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Mental Illness: A Carer's Perspective

Being Affected by Mental Illness, but Not Experiencing It

By Callum PennPublished 5 years ago 7 min read

Being affected by mental illness, but not experiencing it.

Everyone has mental health, and much like physical health, all of us experience difficulty at some point in our lives. I have experienced periods of instability here and there throughout my teenage years, but my experience of mental illness has largely been as someone caring for family members — and this is an experience that is often overlooked.

So, I wanted to tell my story: to describe what it’s like to be affected by mental illness.

Let's start with the backstory. When I was ten, things were fine. My parents owned a successful company; we went on long, incredible holidays in the summer and winter, and my brother and I were happy kids who got anything we wanted. But then one night, on the 21st of December 2006, I returned home from my friends 11th birthday party to find my brother standing in the drive waiting for me. At the tender age of ten, the worst thing I could imagine was that our dog had died. I climbed out of the back of the car and rushed up to him expecting to hear that scrappy was in a box in the back garden. Instead I was greeted with three words I would hear many more times over the next ten years: "Dad is missing."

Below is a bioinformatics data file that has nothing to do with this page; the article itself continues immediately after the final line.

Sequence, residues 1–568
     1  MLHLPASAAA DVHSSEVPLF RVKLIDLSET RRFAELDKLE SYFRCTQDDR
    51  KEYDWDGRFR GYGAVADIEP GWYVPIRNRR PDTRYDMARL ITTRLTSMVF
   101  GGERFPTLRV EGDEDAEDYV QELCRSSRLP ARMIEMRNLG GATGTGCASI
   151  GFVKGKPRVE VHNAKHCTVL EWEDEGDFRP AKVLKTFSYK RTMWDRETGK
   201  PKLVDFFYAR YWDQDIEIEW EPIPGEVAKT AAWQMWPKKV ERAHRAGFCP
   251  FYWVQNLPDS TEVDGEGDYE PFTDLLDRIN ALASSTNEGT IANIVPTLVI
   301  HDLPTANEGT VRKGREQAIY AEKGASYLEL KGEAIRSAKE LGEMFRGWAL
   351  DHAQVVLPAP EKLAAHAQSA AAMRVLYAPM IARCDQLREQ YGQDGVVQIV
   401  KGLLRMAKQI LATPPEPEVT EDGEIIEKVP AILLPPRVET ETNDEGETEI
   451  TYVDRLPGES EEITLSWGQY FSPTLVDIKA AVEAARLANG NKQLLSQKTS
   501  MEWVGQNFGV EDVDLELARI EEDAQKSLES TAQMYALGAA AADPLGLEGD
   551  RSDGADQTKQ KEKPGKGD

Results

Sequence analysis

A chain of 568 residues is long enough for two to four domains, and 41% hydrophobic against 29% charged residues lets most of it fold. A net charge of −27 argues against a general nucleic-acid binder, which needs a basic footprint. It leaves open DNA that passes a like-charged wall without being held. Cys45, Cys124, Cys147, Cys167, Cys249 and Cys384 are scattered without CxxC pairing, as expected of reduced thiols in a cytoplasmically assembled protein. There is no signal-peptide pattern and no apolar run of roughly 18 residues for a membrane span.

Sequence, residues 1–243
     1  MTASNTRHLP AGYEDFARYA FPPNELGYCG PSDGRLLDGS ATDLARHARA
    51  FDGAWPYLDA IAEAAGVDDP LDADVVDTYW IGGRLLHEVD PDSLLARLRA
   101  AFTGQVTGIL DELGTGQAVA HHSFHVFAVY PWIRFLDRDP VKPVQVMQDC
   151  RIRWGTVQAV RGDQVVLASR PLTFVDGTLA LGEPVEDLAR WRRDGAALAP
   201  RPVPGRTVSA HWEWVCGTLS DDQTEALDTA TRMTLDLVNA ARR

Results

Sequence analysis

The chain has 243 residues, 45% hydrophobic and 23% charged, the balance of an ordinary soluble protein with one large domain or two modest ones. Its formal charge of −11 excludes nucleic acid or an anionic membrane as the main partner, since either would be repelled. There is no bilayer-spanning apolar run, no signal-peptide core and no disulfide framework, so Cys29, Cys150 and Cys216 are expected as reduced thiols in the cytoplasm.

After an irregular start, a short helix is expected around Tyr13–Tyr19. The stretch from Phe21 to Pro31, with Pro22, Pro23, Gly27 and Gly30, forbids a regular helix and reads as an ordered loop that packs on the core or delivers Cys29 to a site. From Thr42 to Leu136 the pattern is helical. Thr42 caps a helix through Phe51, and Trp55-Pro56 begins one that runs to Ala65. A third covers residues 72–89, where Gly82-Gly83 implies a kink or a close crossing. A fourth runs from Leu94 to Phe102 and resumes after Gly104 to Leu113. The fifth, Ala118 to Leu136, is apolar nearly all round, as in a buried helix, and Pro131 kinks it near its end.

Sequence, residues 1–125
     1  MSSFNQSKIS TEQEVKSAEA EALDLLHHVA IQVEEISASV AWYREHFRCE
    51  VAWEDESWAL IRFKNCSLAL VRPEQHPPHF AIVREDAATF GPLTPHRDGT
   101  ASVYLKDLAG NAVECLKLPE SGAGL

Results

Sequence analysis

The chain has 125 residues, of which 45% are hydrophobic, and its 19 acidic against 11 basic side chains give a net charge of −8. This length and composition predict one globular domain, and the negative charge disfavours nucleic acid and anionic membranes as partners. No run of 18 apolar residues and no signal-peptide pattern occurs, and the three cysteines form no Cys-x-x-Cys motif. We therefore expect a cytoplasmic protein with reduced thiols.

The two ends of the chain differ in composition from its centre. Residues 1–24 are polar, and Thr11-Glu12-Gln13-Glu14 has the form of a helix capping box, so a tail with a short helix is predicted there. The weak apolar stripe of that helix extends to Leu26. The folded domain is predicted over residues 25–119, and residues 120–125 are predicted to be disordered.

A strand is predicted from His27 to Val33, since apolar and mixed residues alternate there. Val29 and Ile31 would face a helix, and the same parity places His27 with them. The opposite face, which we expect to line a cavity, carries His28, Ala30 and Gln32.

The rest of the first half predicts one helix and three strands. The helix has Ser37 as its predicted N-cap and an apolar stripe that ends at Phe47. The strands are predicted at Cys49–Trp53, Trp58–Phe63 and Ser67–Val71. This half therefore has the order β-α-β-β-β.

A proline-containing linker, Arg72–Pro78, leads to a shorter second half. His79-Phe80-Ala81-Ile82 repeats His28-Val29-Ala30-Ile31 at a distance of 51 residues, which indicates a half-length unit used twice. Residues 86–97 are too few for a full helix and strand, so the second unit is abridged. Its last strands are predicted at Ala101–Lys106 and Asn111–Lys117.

My Dad, the happy-go-lucky, cheery, and amazing father, had disappeared and left messages to my mother saying he was going to commit suicide. We didn’t know how to react. We called all of our family, from cousins to grandparents, who all came rallying round. We left voicemails, text messages, emails, letters via pigeons, and smoke signals — anything was worth a go! I can remember lots of tears, hugs, and people starting conversations with, "You know, I always had a feeling that…"

After hours of waiting, he brought himself home, where he was greeted with hugs. I assured him that if he ever pulled anything like that again, I’d kill him myself. As it turns out, I therefore should’ve killed him quite a few times after that.

The next few weeks and months turned our world upside down. The tiling business went into liquidation, we were bankrupted and our home was repossessed. It seemed that even our debt was in debt. Dad had quickly been hospitalised, diagnosed with severe major depressive disorder, and, after other treatments were tried and failed, he underwent Electroconvulsive Therapy (ECT). Perhaps the biggest shock of all, but also the most significant turning point, was when he came out to my mother as gay — let nobody say that our family isn’t modern.